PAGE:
In honor of National Counseling Awareness month, today, we finish up with different signs that counseling might be something worth considering: You have thoughts of self harm or suicide.
Many times, people consider suicide as an option, not because they truly want to die, but because they don't see any other way for their pain to be relieved. ALWAYS take suicidal thoughts seriously. If you have considered suicide, contact a therapist today! It may not feel like things will ever get better, but there is hope with counseling. A therapist can help you understand what is triggering the flooding of feelings (for example, a past trauma, a current abusive situation or unhealthy relationship, undiagnosed depression, codependency), and can help you formulate a treatment plan to get you back on track to feeling better. A therapist can help you learn new and healthier coping skills to how you feel.
You struggle with the use or abuse of a a substance, or use things/people to numb feelings.
Feelings can be difficult to navigate if you didn't grow up in a family that taught you how to recognize your feelings, name them and cope with them. Often times, addictions to drugs, alcohol, people and things (such as sex or food) become a way to fill a "void" that is left by uncomfortable feelings. A good therapist can help you identify what you are using addictive behavior to "fill", and can teach you how to more effectively cope with your feelings, instead of numbing them.
You've tried many things on your own, and nothing seems to be helping.
As we say with communication-- if you try to communicate more, but you still do it in an unhealthy way, it won't make things better. It's the same with other maladaptive coping skills. Many times, we try to do something a different way, and it still doesn't work-- but the reason it doesn't work could be because it's not the right thing for you! This applies to individual issues, as well as relationship issues. If you keep trying things and nothing is working, find a professional counselor or therapist who can help give you ideas of more effective things to try!
You (or others around you) realize that you are constantly negative.
Constant negativity can be a symptom of depression. Often, when we feel overwhelmed with life, it can become difficult to see the positive things in life. If you have received this feedback (or notice it on your own), a professional therapist can help you unravel the unhealthy thought processes that keep you on a negative path.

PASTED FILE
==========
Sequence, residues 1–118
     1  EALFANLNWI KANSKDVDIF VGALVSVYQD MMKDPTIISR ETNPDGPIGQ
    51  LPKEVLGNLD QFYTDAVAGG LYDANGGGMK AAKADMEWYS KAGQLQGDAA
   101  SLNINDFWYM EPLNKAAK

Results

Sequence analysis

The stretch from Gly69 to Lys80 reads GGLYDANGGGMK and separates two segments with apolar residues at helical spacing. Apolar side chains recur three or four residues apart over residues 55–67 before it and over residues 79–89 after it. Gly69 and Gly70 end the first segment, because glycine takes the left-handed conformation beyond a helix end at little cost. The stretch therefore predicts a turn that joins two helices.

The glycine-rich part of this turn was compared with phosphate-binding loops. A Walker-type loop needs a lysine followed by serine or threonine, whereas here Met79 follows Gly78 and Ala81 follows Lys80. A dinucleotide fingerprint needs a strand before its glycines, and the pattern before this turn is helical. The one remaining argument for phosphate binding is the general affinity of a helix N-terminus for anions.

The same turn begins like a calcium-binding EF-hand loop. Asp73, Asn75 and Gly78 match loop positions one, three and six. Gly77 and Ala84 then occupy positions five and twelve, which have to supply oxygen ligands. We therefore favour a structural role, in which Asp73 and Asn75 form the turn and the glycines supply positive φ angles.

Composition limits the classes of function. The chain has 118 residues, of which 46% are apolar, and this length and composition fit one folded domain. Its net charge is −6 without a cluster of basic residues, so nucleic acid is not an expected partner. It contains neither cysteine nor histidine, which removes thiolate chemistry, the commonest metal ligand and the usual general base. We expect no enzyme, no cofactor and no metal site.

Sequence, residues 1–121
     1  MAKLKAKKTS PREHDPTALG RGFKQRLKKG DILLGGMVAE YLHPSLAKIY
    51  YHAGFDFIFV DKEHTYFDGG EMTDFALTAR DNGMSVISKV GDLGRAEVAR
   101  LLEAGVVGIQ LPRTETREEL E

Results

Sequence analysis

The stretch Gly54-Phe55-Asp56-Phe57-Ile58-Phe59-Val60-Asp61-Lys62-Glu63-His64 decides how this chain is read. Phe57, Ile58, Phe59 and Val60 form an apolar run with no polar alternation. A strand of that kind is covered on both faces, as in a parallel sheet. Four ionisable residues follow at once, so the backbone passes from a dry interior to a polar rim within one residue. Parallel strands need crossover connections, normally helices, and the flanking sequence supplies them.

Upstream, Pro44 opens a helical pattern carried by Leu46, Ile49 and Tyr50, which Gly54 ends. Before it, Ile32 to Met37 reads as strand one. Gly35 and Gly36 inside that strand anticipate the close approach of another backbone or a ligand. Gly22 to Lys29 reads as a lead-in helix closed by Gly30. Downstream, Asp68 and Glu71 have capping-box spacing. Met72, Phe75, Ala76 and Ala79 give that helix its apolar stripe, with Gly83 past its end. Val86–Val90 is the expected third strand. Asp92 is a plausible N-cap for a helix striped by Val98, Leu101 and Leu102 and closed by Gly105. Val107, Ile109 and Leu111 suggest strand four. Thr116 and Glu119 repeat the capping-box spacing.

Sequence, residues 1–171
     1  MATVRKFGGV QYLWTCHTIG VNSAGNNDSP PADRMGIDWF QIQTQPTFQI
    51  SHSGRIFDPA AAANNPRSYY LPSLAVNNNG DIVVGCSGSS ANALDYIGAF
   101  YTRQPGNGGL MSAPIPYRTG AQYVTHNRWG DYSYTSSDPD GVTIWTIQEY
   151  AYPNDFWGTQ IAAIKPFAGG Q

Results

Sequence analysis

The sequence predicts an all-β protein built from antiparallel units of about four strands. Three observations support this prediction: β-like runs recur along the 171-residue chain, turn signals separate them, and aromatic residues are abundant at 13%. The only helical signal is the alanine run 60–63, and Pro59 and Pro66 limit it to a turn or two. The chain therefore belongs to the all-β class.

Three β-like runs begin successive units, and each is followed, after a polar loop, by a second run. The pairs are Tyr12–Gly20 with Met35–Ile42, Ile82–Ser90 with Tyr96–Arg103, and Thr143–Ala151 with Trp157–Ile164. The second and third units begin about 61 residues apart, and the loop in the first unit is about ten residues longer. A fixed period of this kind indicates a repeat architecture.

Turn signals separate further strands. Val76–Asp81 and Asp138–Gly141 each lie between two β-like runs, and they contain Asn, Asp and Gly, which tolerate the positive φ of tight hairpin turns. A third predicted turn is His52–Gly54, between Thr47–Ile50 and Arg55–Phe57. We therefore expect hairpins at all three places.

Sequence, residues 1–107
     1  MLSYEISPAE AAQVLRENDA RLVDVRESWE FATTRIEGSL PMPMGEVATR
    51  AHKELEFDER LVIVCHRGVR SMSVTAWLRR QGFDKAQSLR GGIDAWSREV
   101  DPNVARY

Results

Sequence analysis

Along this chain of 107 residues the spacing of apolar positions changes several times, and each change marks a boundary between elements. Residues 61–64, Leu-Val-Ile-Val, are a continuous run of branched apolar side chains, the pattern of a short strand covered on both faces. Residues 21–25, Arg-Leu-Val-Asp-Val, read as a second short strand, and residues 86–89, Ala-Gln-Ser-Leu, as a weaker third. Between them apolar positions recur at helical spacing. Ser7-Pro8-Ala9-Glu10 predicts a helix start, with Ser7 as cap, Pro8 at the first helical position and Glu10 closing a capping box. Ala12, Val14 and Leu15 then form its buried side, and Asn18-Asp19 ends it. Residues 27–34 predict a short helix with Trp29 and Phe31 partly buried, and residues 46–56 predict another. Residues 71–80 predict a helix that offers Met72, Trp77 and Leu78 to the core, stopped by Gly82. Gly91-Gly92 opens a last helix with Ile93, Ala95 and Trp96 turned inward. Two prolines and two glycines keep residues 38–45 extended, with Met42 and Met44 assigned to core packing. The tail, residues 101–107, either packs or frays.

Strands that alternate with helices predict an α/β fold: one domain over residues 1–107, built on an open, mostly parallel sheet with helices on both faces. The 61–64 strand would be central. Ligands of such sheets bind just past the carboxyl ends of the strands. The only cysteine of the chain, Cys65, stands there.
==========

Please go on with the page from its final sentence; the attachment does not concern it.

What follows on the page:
The people around you are recommending that you "go talk to a professional".
Are you the friend that continues to complain about a situation, but you can't seem to do anything about it and your friends are getting tired of listening? A therapist can be a non-biased, neutral third party, who can help you look at your situation more objectively-- including the things that you are doing (or not doing) that are allowing you to stay stuck. Friends and family can sometimes be good at "mirroring" us, as long as we are open to their feedback. If you hear someone tell you that you might benefit from counseling, as long as they are a trusted and safe person, listen to their well-meaning advice.
You find yourself isolating.
Again, isolating yourself can be a sign of depression. It can also be a result of addictive behavior, as well as a response to feeling toxic shame about something in your life. Many times, isolation can be a result of low self-esteem, or perhaps an abusive relationship. Unhealthy behaviors tend to grow and thrive in secrecy and darkness. We all need a good support system to help us through life. If you find yourself isolating, please find a professional counselor to talk to, before things get worse.
Joleen Watson, MS, NCC, is a therapist at Imagine Hope Counseling Group. She enjoys doing marriage counseling, relationship counseling, couples counseling, and individual counseling. Imagine Hope also specializes in family, child and adolescent counseling and serves Indianapolis area including the surrounding areas of Carmel, Noblesville, Zionsville, Westfield, and Fishers.